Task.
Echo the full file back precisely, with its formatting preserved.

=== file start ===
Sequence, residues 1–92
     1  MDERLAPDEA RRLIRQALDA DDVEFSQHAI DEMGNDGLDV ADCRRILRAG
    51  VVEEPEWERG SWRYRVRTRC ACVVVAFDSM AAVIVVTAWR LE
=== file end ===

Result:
Sequence, residues 1–92
     1  MDERLAPDEA RRLIRQALDA DDVEFSQHAI DEMGNDGLDV ADCRRILRAG
    51  VVEEPEWERG SWRYRVRTRC ACVVVAFDSM AAVIVVTAWR LE